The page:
Functional characterization of a CDKN1B mutation in a Sardinian kindred with multiple endocrine neoplasia type 4

in Endocrine Connections
View More View Less
  • 1 Endocrine Unit 2, Endocrinology Unit, Institute of Pathology, Department of Surgical, Department of Clinical and Experimental Medicine, University Hospital of Pisa, University of Pisa, Via Paradisa 2, Pisa, Italy

Inactivating germline mutations of the CDKN1B gene encoding the nuclear cyclin-dependent kinase inhibitor P27kip1 protein have been reported in patients with multiple endocrine neoplasia type 4 (MEN4), a MEN1-like phenotype without MEN1 mutations. The aim of this study was to characterize in vitro the germline CDKN1B mutation c.374_375delCT (S125X) we detected in a patient with MEN4. The proband was affected by primary hyperparathyroidism due to multiglandular parathyroid involvement and gastro–entero–pancreatic tumors. We carried out subcellular localization experiments by transfection with plasmid vectors expressing the WT or mutant CDKN1B cDNA into the eukaryotic human cervix adenocarcinoma (HeLa) and GH3 cell lines. Results from western blotting studies indicated that fusion proteins were expressed at equal levels. The mutated protein was shorter compared with the WT protein and lacked the highly conserved C-terminal domain, which includes the bipartite nuclear localization signal at amino acids 152/153 and 166/168. In HeLa and GH3 cells, WT P27 localized in the nucleus, whereas the P27_S125X protein was retained in the cytoplasm, predicting the loss of tumor-suppressive function. The proband's tumoral parathyroid tissue did not show allelic loss, because both WT and mutant alleles were determined to be present by sequencing the somatic DNA. Immunohistochemistry revealed a complete loss of nuclear expression of P27 in a parathyroid adenoma, which had been removed by the second surgery in the patient. In conclusion, our results confirm the pathogenic role of the c.374_375delCT CDKN1B germline mutation in a patient with MEN4.

Abstract

Inactivating germline mutations of the CDKN1B gene encoding the nuclear cyclin-dependent kinase inhibitor P27kip1 protein have been reported in patients with multiple endocrine neoplasia type 4 (MEN4), a MEN1-like phenotype without MEN1 mutations. The aim of this study was to characterize in vitro the germline CDKN1B mutation c.374_375delCT (S125X) we detected in a patient with MEN4. The proband was affected by primary hyperparathyroidism due to multiglandular parathyroid involvement and gastro–entero–pancreatic tumors. We carried out subcellular localization experiments by transfection with plasmid vectors expressing the WT or mutant CDKN1B cDNA into the eukaryotic human cervix adenocarcinoma (HeLa) and GH3 cell lines. Results from western blotting studies indicated that fusion proteins were expressed at equal levels. The mutated protein was shorter compared with the WT protein and lacked the highly conserved C-terminal domain, which includes the bipartite nuclear localization signal at amino acids 152/153 and 166/168. In HeLa and GH3 cells, WT P27 localized in the nucleus, whereas the P27_S125X protein was retained in the cytoplasm, predicting the loss of tumor-suppressive function. The proband's tumoral parathyroid tissue did not show allelic loss, because both WT and mutant alleles were determined to be present by sequencing the somatic DNA. Immunohistochemistry revealed a complete loss of nuclear expression of P27 in a parathyroid adenoma, which had been removed by the second surgery in the patient. In conclusion, our results confirm the pathogenic role of the c.374_375delCT CDKN1B germline mutation in a patient with MEN4.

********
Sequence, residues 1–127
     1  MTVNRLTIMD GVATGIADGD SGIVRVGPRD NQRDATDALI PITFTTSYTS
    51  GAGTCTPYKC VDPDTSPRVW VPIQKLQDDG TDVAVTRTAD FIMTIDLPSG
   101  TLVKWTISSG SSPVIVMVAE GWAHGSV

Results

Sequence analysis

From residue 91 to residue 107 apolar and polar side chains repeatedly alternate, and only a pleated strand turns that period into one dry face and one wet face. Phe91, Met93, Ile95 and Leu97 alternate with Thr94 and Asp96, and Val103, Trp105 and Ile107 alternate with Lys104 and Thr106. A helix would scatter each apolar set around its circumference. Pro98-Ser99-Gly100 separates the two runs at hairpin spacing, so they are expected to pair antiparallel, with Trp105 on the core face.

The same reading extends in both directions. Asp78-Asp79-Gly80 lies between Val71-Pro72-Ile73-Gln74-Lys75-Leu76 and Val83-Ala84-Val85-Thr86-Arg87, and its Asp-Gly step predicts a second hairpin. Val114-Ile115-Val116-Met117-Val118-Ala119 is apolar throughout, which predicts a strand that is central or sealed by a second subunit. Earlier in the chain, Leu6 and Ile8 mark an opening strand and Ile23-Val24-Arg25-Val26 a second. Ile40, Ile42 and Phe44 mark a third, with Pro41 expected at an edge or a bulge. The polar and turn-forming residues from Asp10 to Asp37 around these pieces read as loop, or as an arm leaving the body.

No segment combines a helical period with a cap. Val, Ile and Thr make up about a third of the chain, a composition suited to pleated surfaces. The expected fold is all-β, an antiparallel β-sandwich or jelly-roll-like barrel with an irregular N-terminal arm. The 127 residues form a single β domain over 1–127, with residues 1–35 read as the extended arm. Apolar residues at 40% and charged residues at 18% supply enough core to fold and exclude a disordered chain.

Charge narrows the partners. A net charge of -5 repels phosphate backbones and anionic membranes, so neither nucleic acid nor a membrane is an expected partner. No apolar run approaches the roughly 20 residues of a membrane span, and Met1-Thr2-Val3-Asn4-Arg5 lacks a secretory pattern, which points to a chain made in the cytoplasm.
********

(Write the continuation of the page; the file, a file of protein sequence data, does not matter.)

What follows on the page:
Introduction

Multiple endocrine neoplasia type 1 (MEN1, OMIM #131100) is a rare autosomal dominant endocrine disorder characterized by the occurrence of parathyroid adenoma/hyperplasia, duodeno–pancreatic neuroendocrine tumors (NETs), and anterior pituitary tumors in the same individual (1). A minority of affected patients may also develop a wide spectrum of endocrine and non-endocrine manifestations, such as adrenal cortical tumors, foregut carcinoid tumors, angiofibromas, collagenomas, and lipomas, thus contributing to the heterogeneity of the phenotypic presentation. The rare combinations of less common manifestations of MEN1 are known as ‘phenocopy variants’ (2).

Germline heterozygous loss-of-function mutations of the tumor suppressor MEN1 gene – the main molecular defect causing the MEN1 syndrome – have been detected in about 70–80% and 30% of patients with familial and sporadic MEN1 respectively (3). The percentage in familial MEN1 rises to 90% if a search for large germline deletions is performed (4, 5, 6). Thus, a definite proportion of familial and sporadic MEN1 patients do not carry MEN1 mutations, indicating that other tumor-susceptibility genes may be involved in the pathogenesis of this syndrome. Following the identification of a germline change in the cyclin-dependent kinase (CDK) inhibitor Cdkn1b gene as the causative mutation of a variant of both MEN1 and MEN2 human syndromes in a rat colony (MENX syndrome), mutations of the human homologue CDKN1B were searched for in individuals with the MEN1 clinical phenotype, but without MEN1 mutations (7). Nine different germline mutations in the coding, as well as in the 5′-UTR of the CDKN1B gene have been described in patients with familial or sporadic MEN1-like syndromes, but negative for MEN1 mutations (7, 8, 9, 10, 11, 12, 13). Results from in vitro studies have confirmed the pathogenic role of these mutations (14).

The cases with mutations of CDKN1B are now classified as having the MEN4 syndrome (OMIM #610755), although they do not have any peculiar phenotypic manifestations compared with MEN1-mutation-positive cases. However, given the small number of reported MEN4 patients, the clinical penetrance of the disease and the precise tumor spectrum of the syndrome are still to be defined.